Future Fund RE allocation rises 1.2% in six months, further increases to come

Australia’s A$69bn Future Fund has continued to grow its real estate exposure, reporting increased assets of 1.2 percent to A$3.4 billion from the six months to 30 September. According to the fund’s annual report released today further increases to real estate and other “tangibles” are planned.

Australia’s Future Fund has boosted its real estate holdings by A$820 million (€576 million; $800 million), or 1.2 percent, in the last six months, it revealed today.

The sovereign wealth fund, established in 2006 to assist the Australian government meet the cost of public sector superannuation liabilities, now has property assets of A$3.4 billion, according to its third quarter figures, released today.

Future Fund has been continually upping its exposure to the asset class, with holdings increasing 4.2 percent in the last 18 months alone.

While releasing its third quarter results, the fund also published its 2009/2010 annual report, which revealed an aim to up its exposure to “tangibles”, comprising real estate, infrastructure and timberland, from 9.3 percent to 14.5 percent by 30 June 2011.

In total, the fund has grown assets under management by A$2.8 billion to A$69.3 billion over the last quarter. The return from the portfolio, excluding from its holding in Australian telephone company Telstra, was 4.2 percent for the quarter.

In its report, Future Fund said it would invest in real estate via pooled funds, co-investments, separate accounts and individual investments “circumstances depending on the merits in each particular”.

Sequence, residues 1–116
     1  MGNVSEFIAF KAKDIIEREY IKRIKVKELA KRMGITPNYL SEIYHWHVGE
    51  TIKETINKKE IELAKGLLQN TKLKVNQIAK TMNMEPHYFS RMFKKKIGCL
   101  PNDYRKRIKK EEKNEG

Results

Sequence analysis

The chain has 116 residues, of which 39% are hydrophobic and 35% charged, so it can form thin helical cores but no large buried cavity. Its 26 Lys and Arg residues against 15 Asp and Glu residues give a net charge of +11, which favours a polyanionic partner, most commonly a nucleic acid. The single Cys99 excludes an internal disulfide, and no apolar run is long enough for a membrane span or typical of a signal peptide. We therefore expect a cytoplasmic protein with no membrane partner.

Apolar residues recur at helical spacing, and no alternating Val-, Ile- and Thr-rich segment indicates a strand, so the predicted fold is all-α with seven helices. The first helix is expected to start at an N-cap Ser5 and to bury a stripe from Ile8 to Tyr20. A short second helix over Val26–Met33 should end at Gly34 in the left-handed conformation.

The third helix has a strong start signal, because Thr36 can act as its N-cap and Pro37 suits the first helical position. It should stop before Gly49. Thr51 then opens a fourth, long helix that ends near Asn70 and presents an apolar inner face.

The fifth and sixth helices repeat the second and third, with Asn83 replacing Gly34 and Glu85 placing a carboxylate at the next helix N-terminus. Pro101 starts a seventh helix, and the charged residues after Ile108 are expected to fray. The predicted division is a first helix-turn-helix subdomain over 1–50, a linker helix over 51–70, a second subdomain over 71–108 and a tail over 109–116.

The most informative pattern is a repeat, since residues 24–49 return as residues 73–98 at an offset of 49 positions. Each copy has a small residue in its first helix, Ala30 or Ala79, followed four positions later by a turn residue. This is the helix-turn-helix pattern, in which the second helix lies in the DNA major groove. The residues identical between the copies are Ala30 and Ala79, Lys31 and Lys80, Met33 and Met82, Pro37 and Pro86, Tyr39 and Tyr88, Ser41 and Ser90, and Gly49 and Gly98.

At 30 June, 47 percent of Future Fund’s real estate exposure was to Asia Pacific assets, 27 percent to Americas and 26 percent to Europe. The fund said 59 percent of investments were made in the retail sector, 13 percent offices, 13 percent mixed-use and the remainder spread across various other real estate types.

“To date, we have been pursuing opportunities primarily in the retail sector, where we have seen good value and which has traditionally been difficult to access,” the fund said in its report.

However going forward, Future Fund said a lack of debt capital in Europe should lead to further investment opportunities. It said: “the retraction of debt capital in the US real estate markets has also generated attractive opportunities for new capital…we expect similar opportunities may emerge in Europe of the coming years.”

The fund said it had invested 49 percent of its allocation to infrastructure to “economic” assets where performance was linked to economic activity, 44 percent to “regulated” assets reflecting “monopolies providing essential services” and 7 percent to investments generating revenue from long-term contracts. Its geographical spread was 39 percent in Australia, 34 percent in UK, 15 percent in Europe and 12 percent in North America.

Future Fund also grew its exposure to timberlands during the year to 30 June but was limited in its private equity activity, committing to just two managers a total of $200 million. It said: “Given the difficult environment, we have taken a highly selective and opportunistic approach to allocating new commitments.” Total private equity commitments by the fund to 30 June were A$7.8 billion.